Bangladesh Passes Revised Labour Law
Bangladesh approved a highly-anticipated reform to its national labour law on Monday, as part of a broader effort toward averting future disasters such as the factory collapse in April that killed over 1,100 people. Separately, North American and European retailers that source Bangladeshi textile products have announced two respective plans in recent weeks aimed at improving safety standards for workers in the Asian country.
The factory collapse in Savar was one of the worst industrial disasters in recent memory, and has fuelled questions among the international community over domestic labour conditions in Bangladesh, and what role the country's booming textiles trade has played in the current situation. Bangladesh is the second-largest apparel exporter in the world after China, with a garment industry valued at US$20 billion per year.
Under the labour law revisions agreed on Monday in Dhaka, workers will not need approval from factory owners in order to form unions. Over 80 other sections of the law have also been revised, government officials note, in order to reflect the results of consultations held with factory owners and workers, retailers, development partners, and the International Labour Organization (ILO).
While the government has said that the "landmark legislation" could lead to substantial improvements in worker conditions, some labour rights activists caution that the revisions, while welcome, do not go far enough.
"This would be good news if the new law fully met international standards, but the sad reality is that the government has consciously limited basic workers' rights while exposing workers to continued risks and exploitation," said Phil Robertson, deputy Asia director of Human Rights Watch.
The announcement of the labour law changes comes just one week after the governments of the EU and Bangladesh, with the ILO's support, agreed to a "sustainability compact" aimed at improving the country's working conditions. One of Dhaka's main commitments under the compact was the swift passage of labour law reform. (See Bridges Weekly, 11 July 2013)
The EU had confirmed at the time that it would be keeping Bangladesh in its Everything But Arms (EBA) trade preference scheme - which grants least developed countries duty-free, quota-free access to the EU market for all goods exports, with the exception of arms and ammunition - as Dhaka works to implement its various commitments in the sustainability compact.
However, Brussels has left open the possibility of reconsidering the Asian country's participation in EBA, should it find progress in implementing its sustainability commitments to be too slow.
Washington has already suspended Dhaka from its own trade preference scheme, though the US programme covers a much smaller percentage of Bangladeshi exports and does not include textiles. (See Brides Weekly, 4 July 2013)
European, US retailers outline separate safety plans
The April tragedy, along with prompting responses from both the EU and US governments, had also sparked calls for those foreign companies that source their textile products from Bangladesh to take actions of their own toward fostering better conditions for workers.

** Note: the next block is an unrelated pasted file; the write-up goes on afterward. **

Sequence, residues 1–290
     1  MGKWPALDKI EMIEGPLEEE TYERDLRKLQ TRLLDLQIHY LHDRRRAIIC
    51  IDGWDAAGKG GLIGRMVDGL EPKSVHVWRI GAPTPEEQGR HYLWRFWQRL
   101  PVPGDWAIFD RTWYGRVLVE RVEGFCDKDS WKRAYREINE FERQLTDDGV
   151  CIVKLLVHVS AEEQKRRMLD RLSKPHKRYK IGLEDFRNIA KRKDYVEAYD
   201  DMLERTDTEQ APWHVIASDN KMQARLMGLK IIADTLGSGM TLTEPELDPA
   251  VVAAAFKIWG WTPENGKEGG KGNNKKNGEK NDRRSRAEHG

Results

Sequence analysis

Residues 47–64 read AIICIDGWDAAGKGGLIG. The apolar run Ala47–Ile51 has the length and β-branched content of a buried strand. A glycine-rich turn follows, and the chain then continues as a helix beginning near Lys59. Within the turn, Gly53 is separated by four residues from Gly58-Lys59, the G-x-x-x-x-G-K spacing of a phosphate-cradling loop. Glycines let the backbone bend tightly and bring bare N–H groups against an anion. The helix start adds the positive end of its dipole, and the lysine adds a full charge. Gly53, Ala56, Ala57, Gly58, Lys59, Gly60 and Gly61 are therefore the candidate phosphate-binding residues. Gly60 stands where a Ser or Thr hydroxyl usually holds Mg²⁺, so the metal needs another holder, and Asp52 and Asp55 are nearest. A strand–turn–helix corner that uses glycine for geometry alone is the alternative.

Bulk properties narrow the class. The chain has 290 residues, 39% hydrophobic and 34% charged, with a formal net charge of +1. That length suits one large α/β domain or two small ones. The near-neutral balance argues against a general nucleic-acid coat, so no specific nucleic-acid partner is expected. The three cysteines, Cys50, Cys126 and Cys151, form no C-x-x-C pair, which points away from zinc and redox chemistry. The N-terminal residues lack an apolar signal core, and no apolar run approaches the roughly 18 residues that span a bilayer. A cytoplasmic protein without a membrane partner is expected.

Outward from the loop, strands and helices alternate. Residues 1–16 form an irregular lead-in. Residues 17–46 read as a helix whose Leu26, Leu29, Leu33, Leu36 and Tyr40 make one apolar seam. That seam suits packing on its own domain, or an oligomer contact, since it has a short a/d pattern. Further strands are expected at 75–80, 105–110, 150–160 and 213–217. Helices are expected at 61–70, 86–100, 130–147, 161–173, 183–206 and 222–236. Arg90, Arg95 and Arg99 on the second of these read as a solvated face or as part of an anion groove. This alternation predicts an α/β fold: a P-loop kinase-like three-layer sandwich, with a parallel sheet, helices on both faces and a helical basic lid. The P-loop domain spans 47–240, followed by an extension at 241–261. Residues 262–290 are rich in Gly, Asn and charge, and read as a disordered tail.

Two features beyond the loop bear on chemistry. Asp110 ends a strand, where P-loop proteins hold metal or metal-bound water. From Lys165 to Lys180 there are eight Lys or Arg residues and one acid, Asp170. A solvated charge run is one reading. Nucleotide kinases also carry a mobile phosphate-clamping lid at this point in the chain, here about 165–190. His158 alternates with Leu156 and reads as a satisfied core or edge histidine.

In response, a group of over 70 companies - most of them European, and including garment giants like Inditex and H&M - has recently signed onto a binding safety deal with Switzerland-based unions UNI Global and IndustriALL.
Along with involving safety inspections in factories where these companies source their products, the initiative will also require participants to pay US$500,000 per year in order to help maintain safety standards, as well as keep funds in reserve for safety-related renovations to the production hubs. Companies will also be providing detailed information on which Bangladeshi factories they use for their products.
Meanwhile, a group of 17 North American companies, including the GAP, Macy's, Sears, and JC Penney has decided to instead sign a non-binding agreement of their own, which would be in place for a period of five years. Among other provisions, the plan would involve inspections of all factories of the participating retailers and will attempt to establish common safety standards by October of this year.
These North American companies chose not to sign onto the binding version as they do not want to be exposed to "unlimited liabilities," given the differences between the US and EU legal systems, explained Jay Jorgensen, the head of global compliance for Wal-mart.
Labour groups, such as IndustriALL and UNI, have called the North American plan "another toothless corporate auditing programme for Bangladesh factory safety." Along with being non-binding, critics caution that the plan also does not involve any worker representatives or third-party inspections, and there are no legal ramifications if safety standards are not being met.
Activists have urged the participating North American retailers to sign the alternative European accord in order to tackle the safety manufacturing issues in a more comprehensive and binding way. They have also noted that boycotting Bangladesh products will only harm the workers that need the most help, and are instead encouraging consumers to make ethical choices and select products from among the companies who have committed to the binding accords.
ICTSD reporting; "Bangladesh Passes New Labor Law," WALL STREET JOURNAL, 15 July 2013; "Retailers Plan Bangladesh Factory Inspections Under Safety Pact," REUTERS, 8 July 2013; "American retailers' plan for Bangladesh factory safety branded a sham," THE GUARDIAN, 10 July 2013; "U.S. retailers agree to Bangladesh plant safety pact," USA TODAY, 10 July 2013.